superfluidity


superfluidity

Unusual property of liquid helium cooled below 455.75 °F (270.97 °C). At such low temperatures, helium exhibits an enormous rise in heat conductivity and rapid flow through capillaries or over the rim of its container. To explain such behaviour, the substance is described in terms of a “two-fluid” mixture model consisting of normal helium and superfluid helium. In normal helium the atoms are in excited states (see excitation), whereas in superfluid helium they are in their ground state. As the temperature is lowered below 455.75 °F, more of the helium becomes superfluid. It is assumed that the superfluid component can move through the container without friction, thereby explaining the unusual behaviour.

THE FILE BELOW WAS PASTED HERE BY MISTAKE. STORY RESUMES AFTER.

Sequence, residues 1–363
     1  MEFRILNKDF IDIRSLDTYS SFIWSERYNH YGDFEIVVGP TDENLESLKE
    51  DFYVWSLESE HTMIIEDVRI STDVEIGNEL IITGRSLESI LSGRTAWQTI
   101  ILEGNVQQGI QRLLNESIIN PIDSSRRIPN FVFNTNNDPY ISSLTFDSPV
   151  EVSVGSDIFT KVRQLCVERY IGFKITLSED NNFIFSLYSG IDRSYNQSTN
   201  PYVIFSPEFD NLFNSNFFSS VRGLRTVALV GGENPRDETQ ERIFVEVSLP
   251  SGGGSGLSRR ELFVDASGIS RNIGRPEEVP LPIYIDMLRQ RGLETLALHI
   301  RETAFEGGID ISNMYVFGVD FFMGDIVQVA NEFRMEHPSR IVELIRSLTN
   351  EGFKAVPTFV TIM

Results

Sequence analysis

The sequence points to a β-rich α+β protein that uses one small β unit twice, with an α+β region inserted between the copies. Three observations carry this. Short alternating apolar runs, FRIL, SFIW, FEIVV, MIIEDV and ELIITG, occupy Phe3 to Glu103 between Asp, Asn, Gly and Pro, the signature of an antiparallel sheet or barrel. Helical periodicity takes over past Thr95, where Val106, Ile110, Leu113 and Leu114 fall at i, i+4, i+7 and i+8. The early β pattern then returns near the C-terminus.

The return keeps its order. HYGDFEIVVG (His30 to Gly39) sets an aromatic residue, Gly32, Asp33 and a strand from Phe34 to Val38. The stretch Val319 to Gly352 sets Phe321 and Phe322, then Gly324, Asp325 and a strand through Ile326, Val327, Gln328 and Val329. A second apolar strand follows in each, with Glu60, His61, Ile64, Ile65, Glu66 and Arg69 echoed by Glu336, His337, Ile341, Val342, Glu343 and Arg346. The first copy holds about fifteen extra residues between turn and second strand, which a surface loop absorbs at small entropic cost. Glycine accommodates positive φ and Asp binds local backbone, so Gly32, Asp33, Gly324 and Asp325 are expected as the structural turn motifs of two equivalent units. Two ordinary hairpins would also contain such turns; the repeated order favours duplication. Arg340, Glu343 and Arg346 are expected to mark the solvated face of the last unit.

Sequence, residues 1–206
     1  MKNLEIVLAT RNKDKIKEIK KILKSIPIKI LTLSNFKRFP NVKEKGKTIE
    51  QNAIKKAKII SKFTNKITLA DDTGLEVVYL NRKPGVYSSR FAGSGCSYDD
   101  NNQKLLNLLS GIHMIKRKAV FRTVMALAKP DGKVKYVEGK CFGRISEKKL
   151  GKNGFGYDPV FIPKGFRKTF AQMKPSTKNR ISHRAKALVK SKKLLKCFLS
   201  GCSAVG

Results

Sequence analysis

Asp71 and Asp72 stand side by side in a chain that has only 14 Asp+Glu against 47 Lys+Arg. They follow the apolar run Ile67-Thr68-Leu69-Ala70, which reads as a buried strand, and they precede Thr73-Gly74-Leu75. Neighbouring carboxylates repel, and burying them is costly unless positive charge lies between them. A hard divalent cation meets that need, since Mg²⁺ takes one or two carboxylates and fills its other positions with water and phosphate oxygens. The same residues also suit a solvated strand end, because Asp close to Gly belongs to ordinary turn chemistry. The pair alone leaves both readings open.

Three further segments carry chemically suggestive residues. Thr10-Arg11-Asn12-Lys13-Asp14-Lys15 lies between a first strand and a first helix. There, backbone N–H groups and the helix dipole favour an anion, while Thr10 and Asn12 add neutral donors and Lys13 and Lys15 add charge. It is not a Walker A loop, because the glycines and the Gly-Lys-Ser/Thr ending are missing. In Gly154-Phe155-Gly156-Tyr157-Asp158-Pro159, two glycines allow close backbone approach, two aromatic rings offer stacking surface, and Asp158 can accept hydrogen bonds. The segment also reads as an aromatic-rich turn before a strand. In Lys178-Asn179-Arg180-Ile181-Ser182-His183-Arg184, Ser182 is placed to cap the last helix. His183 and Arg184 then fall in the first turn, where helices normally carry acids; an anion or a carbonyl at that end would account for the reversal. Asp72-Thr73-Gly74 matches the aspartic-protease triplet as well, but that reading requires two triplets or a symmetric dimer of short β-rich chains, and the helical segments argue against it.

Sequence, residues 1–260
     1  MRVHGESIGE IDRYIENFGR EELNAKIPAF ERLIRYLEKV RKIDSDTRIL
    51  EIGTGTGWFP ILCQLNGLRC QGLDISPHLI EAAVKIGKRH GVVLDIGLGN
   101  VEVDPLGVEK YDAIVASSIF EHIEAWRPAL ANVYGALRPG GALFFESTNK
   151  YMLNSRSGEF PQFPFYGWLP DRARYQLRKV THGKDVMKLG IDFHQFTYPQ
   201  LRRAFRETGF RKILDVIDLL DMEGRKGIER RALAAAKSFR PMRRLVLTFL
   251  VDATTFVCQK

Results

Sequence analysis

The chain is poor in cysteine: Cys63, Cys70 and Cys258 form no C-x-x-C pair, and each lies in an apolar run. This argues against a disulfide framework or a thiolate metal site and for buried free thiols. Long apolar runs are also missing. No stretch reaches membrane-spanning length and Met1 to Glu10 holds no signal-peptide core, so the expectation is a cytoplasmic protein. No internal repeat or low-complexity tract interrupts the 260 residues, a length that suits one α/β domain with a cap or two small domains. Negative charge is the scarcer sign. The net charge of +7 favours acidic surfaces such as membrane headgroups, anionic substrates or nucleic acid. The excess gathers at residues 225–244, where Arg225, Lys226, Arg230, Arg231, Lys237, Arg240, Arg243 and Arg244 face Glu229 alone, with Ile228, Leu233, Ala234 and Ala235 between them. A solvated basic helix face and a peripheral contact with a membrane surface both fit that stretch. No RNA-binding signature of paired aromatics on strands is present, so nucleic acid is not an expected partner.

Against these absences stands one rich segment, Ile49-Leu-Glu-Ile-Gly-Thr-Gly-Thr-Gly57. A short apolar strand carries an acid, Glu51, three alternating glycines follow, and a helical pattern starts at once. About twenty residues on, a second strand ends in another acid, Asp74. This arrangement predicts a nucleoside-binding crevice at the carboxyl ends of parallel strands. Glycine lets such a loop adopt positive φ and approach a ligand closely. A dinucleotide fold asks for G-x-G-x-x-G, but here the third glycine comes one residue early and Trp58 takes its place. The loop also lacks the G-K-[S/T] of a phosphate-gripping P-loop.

This entry comes from Encyclopædia Britannica Concise.
For the full entry on superfluidity, visit Britannica.com.

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